Being special isn’t always a good thing.
The Institute is Stephen King’s sixty-first novel – an amazing feat in and of itself. It revisits ground the author has trodden before (Firestarter springs immediately to mind) and yet it manages to tread a new path, one that quickly draws you in and then proceeds to tell you a story you won’t be able to put down.
Twelve-year-old Luke Ellis is special. He’s an intelligent boy, so bright that he’s outgrown his school and is about to embark on college-level education – at two universities. At least that’s the plan until he’s stolen away from his parents and taken to the Institute, a privately funded facility hidden deep in a forest that exists to help kids like Luke – ‘special’ kids – develop their talents to the full. Because as well as being bright, Luke has another talent – he can ‘push’ things without touching them; just a little, and not all the time, but enough to attract the Institute’s attention. They’re collecting children who are telepathic or telekinetic and training them – telling them they’re working for the government and their talents will save their country. What they don’t tell them is that – to the world at large – they’ve disappeared, their families killed. Together with his new friends, telepaths Kalisha and Avery, Luke must get to the root of what’s going on – and find a way out, saving himself and those he cares about if he can.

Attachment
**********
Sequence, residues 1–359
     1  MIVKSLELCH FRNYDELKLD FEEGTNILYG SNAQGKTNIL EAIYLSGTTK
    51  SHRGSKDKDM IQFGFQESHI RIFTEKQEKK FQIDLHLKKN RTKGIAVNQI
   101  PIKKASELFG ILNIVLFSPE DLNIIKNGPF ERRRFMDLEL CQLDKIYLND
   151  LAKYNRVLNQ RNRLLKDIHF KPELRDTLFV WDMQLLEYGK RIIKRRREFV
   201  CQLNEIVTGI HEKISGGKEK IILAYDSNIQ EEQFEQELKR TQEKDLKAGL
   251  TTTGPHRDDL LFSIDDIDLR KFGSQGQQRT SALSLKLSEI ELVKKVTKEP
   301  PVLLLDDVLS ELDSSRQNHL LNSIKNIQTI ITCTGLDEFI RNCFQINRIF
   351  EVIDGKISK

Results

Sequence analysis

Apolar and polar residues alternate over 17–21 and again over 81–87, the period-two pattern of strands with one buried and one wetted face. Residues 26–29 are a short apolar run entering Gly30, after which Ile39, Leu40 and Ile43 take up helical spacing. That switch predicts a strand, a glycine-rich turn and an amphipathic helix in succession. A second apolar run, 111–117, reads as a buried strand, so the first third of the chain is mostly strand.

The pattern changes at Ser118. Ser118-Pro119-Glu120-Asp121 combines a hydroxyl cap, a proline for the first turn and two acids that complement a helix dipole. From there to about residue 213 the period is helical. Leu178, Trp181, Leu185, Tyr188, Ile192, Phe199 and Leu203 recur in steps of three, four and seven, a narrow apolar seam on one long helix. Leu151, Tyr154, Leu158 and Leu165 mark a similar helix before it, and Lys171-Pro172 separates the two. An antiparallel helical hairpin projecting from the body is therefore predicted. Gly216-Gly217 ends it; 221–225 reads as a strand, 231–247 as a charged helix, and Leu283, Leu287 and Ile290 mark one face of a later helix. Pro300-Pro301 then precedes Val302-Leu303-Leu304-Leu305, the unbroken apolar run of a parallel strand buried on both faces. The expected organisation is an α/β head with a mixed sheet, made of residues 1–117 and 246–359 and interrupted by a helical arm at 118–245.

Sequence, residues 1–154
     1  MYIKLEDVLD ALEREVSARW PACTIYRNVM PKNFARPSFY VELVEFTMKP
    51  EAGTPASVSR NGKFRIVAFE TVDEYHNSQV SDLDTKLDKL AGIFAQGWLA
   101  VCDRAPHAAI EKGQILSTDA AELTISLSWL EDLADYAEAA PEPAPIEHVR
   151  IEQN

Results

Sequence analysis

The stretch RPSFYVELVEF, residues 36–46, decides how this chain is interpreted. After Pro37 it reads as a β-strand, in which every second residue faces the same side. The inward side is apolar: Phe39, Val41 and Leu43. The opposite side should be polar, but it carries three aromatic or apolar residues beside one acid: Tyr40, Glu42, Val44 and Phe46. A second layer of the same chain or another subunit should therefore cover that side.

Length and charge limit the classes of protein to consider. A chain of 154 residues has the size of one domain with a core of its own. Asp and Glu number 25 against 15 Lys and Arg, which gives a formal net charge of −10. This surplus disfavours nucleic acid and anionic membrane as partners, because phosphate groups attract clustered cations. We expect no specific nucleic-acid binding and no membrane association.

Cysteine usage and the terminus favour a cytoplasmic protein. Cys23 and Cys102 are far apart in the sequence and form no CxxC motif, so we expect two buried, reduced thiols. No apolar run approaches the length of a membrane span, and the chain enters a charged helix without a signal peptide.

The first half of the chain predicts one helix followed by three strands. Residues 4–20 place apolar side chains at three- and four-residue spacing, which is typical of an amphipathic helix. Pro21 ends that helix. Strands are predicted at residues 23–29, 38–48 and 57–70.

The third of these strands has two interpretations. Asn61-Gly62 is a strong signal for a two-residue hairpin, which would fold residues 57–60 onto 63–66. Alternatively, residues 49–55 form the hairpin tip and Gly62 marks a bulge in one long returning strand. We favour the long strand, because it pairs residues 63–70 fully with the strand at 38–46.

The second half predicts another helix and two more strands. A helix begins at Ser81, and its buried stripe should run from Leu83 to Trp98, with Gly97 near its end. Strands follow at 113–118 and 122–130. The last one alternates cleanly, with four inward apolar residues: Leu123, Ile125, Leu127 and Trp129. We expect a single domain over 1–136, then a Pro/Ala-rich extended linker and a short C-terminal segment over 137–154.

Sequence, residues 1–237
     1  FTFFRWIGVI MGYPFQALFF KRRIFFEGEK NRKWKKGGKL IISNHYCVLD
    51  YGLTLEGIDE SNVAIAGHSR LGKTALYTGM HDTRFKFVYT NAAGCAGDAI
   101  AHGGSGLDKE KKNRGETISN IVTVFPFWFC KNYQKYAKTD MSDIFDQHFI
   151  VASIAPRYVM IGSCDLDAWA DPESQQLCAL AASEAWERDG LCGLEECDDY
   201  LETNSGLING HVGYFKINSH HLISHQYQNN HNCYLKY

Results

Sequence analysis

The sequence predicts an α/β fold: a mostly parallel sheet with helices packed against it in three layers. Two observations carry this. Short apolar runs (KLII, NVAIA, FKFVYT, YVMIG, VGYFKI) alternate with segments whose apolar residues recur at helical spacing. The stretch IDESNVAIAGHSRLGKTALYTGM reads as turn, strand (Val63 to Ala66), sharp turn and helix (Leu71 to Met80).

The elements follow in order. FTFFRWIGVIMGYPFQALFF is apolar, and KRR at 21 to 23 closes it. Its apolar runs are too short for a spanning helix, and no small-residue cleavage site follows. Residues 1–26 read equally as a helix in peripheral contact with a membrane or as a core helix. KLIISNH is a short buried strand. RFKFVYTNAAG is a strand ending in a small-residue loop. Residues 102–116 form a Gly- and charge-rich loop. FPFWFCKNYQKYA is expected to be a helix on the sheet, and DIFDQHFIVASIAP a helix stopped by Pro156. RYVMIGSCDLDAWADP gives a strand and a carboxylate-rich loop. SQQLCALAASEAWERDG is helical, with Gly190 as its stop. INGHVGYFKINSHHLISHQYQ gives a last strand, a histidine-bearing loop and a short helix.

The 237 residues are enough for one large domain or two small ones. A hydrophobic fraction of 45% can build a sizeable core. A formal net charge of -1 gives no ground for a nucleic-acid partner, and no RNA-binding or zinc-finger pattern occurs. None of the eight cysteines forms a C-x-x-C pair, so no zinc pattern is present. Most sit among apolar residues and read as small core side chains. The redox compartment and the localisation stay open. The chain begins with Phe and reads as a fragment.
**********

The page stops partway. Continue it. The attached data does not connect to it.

The Institute is vintage King – a tale of childhood friendships, an unscrupulous organisation that seeks to use these children’s talents for their own ends, regardless of whether they destroy the kids in the process, and the innate strength the kids find in each other; how they work together to save themselves and indeed all the inmates of the Institute, and find out their own strengths and weaknesses in the process. It’s not a novel that could have been written twenty or thirty years ago. Although Firestarter and several other of King’s novels have dealt with similar subject matter (gifted children and government conspiracies), the world itself was a very different place then. This world of The Institute is a very modern one, set up to fight today’s terrors. The children are being weaponised, effectively, to fight against the dangers of a world we all recognise from the news. The characters are well drawn, as you’d expect, and you come to care very much about what happens to these children – as well as what happens to the help they receive from an unexpected quarter – former cop Tim Jamieson and his companions. The Institute might not be my Number One favourite King novel, but it ranks right up there with the best of them. Marie O’Regan